Award-winning author and philanthropist Mitch Albom is known for his best-selling works “Tuesdays with Morrie” and “The Five People You Meet in Heaven,” both of which explore what it means to be human.
Now, in the midst of COVID-19, Albom has released a new book — chapter by chapter — that he wrote in real time.
“Human Touch” is free to read online. Instead of paying for access to the novel, Albom encouraged readers to donate to his charity Say Detroit’s initiative, Detroit Beats Covid-19!, which is helping the city fight the virus through a multitude of ways, including food access, shelter and testing.
As the coronavirus began to take hold in his home city, he says he felt compelled to act.
“We’re set up in the worst-case scenarios — a lot of intergenerational housing, a lot of people close together, a lot of people with hypertension and diabetes and preexisting conditions,” he says of Detroit. “So I said, ‘Well, what can I do to help my city and raise some money?’ ”
The money needed to be raised quickly to have a direct impact on helping Detroiters affected by the virus, so he decided to publish the book online. He also chose a storyline that was flexible enough for him to expand on each week.
Charging for the book was never an option because he didn’t want to turn folks away. Instead, he “took a chance” and encouraged readers to donate if they could.
That leap of faith has worked — he says donations through the book have raised well over $600,000.
“It’s just so interesting that you do something for free from your basement, essentially, and you can help affect the world in a weird way,” he says. “It’s a message I always try to get through my books.”
Because of donations, Albom’s Detroit Beats COVID-19! charity has been able to assist the city in key areas: feeding 2,000 senior citizens weekly, funding PPE for frontline workers, supporting operations at a quarantine center for homeless Detroiters who have the coronavirus, feeding and educating 100 children in need, and operating a COVID-19 mobile testing center.
“COVID-19 isn’t gone. The sun’s out, but it’s not gone. And we’re still fighting it here. So I hope we can continue,” he says.
“Human Touch” tells the story of four different Michigan families, who all live on the same street corner during the coronavirus pandemic. Their neighborhood street corner is “symbolic of how we’re all kind of living apart, yet living together,” he says.
One family includes a doctor and a pastor to explore how faith is impacted during the pandemic. Another family is Chinese-American to address the “blaming and scapegoating of Chinese Americans” for the coronavirus, he says. Another house consists of a cider mill owner. Then, there’s the “star of the book” — Moses, an 8-year-old Haitian boy.
Pre-coronavirus, these four families would gather together every Saturday at each other’s houses — eating, hugging, playing and being together as neighbors. But the virus started to unravel those relationships, as Albom saw happening in his own community.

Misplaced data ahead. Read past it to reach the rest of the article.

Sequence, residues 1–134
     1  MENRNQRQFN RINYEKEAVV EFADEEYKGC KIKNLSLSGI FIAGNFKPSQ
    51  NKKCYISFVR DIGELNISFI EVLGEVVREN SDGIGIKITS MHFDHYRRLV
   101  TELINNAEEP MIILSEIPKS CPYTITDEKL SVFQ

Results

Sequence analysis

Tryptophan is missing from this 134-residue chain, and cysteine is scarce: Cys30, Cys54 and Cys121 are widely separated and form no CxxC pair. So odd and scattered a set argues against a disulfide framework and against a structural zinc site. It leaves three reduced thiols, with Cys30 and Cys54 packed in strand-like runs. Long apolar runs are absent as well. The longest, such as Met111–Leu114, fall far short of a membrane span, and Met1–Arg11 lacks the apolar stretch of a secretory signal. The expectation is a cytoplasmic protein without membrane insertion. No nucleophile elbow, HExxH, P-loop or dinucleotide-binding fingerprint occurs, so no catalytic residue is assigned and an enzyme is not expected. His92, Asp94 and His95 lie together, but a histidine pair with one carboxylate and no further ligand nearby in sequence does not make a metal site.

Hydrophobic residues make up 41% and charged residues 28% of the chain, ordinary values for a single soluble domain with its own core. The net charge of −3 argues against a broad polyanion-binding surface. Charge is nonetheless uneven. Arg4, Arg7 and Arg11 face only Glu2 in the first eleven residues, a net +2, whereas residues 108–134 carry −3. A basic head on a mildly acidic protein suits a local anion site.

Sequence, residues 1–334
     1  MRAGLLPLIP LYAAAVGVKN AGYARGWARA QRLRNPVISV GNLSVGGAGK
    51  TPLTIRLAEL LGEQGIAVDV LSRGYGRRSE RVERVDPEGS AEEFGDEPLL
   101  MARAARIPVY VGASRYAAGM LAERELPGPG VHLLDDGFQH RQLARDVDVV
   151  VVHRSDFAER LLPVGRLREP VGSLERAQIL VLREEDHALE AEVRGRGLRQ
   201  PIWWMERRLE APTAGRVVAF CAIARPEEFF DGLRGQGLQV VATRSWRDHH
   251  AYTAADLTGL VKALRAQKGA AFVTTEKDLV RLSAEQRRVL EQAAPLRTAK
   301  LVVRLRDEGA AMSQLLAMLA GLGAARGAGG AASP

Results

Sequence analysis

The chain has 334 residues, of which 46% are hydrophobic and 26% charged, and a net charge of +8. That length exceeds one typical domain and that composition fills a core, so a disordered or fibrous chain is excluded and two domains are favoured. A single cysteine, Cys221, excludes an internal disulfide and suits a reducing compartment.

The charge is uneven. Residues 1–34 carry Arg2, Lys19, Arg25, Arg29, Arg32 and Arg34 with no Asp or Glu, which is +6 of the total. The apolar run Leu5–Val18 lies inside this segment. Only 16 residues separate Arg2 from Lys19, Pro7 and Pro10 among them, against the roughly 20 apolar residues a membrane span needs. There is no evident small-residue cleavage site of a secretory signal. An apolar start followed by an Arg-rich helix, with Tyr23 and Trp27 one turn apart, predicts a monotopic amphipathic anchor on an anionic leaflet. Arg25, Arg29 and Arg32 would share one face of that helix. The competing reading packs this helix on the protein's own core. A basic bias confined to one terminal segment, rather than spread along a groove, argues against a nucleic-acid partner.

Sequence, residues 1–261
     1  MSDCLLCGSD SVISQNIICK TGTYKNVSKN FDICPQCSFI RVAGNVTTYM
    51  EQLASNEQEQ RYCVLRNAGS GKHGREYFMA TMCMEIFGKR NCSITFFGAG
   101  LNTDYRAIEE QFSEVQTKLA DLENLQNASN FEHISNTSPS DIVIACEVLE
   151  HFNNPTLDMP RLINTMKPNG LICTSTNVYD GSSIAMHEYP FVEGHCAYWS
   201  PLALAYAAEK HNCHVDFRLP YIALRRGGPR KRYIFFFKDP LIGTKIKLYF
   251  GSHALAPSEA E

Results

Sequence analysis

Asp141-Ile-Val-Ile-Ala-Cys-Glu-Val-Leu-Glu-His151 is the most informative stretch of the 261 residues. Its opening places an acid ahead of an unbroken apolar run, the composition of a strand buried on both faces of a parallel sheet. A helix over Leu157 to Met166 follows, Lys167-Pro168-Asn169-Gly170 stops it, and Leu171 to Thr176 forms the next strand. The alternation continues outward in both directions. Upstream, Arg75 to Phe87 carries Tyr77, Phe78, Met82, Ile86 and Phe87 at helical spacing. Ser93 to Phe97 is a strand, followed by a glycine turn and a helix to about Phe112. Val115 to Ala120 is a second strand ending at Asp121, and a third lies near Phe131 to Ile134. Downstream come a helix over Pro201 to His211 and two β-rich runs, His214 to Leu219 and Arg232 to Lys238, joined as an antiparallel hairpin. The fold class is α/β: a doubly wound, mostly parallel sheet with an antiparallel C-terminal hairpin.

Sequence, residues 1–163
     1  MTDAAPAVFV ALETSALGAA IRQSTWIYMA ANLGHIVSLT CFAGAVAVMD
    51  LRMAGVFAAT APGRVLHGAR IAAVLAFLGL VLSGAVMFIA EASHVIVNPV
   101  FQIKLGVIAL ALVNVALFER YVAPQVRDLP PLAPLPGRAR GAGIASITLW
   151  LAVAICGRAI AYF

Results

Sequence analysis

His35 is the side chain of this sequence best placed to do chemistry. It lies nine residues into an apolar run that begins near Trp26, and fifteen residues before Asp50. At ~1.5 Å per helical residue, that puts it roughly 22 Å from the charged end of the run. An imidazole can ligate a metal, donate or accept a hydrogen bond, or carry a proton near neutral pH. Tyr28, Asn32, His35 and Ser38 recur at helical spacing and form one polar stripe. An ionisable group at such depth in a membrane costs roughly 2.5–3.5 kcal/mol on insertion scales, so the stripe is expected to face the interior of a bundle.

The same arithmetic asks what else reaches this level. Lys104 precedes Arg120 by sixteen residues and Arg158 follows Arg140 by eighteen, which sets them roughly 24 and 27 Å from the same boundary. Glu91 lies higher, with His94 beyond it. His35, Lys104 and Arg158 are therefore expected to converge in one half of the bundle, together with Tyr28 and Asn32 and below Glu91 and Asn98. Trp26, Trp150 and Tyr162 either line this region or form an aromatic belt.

“Now, all of a sudden, they slowly had to separate, and people became distrustful of one another. Somebody got the disease in one family and they were concerned about getting it elsewhere,” he says. “And this was really what was playing out in the streets around me.”
But little Moses — along with the human touch — act as miracles during unprecedented times. Moses is immune to the disease, so as his neighbors begin to quarantine, he’s able to physically comfort those who are sick with the coronavirus.
Moses’ character stems from a connection Albom has made with an 8-year-old Haitian boy named Knox. Albom operates Have Faith Haiti Mission & Orphanage, a place that raises orphaned children in a nurturing environment. He brought Knox to the U.S. for a therapy session on his leg on March 1, but then the pandemic swiftly changed any plans to head back to the Caribbean country.
Knox “has lived with us ever since, and he has been the absolute joy of our existence,” Albom says.
Albom and his wife Janine Sabino realized that Knox’s “upbeat, funny and curious” personality — and his human touch — made socially isolating bearable.
“It’s being able to hold him and hug him and play with him has made this tolerable for us…” he says. “Children really can be a way out of this.”
Human touch and connection, a common theme throughout his novels, can go a long way. Take Here & Now’s Tonya Mosley’s story, for example: Albom is one of the reasons she’s a journalist.
When Mosley was 11 years old, she would read Albom’s Sunday sports columns in the Detroit Free Press and would rewrite them on a Brother word processor, a gift from her grandfather.
She’d also write letters to Albom — and he would write back. He says he would always try to correspond with young people who sent him mail.
Those messages had a big impact on Mosley, who went on to become a reporter and radio host. Her story is evidence of how vital connectivity is for human beings, Albom says.
“One person touches another person, touches another and another and another,” he says. “We have no way of knowing the ripples in the pond that we create by the pebbles that we throw.”